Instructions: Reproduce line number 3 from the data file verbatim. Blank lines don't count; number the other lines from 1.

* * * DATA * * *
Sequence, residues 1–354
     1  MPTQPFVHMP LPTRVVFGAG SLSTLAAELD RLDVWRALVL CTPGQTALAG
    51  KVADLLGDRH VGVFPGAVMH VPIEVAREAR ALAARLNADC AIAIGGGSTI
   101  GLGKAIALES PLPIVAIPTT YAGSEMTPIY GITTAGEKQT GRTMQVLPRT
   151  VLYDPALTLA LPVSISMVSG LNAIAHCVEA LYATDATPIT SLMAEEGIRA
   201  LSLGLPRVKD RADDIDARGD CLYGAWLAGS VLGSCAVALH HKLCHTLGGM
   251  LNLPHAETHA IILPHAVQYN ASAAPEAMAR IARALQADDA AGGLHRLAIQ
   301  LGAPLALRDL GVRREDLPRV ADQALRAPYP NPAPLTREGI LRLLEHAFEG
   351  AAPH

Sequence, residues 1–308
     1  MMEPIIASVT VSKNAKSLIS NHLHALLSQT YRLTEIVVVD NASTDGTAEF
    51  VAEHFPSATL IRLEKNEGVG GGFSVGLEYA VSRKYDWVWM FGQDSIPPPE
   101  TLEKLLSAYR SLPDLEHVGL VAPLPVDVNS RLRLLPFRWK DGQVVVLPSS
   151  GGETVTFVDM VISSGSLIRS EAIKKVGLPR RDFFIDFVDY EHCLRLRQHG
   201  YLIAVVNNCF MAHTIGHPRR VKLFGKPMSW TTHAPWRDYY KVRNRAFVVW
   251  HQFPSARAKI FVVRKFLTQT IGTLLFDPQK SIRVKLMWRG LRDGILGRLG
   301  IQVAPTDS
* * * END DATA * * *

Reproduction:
    51  KVADLLGDRH VGVFPGAVMH VPIEVAREAR ALAARLNADC AIAIGGGSTI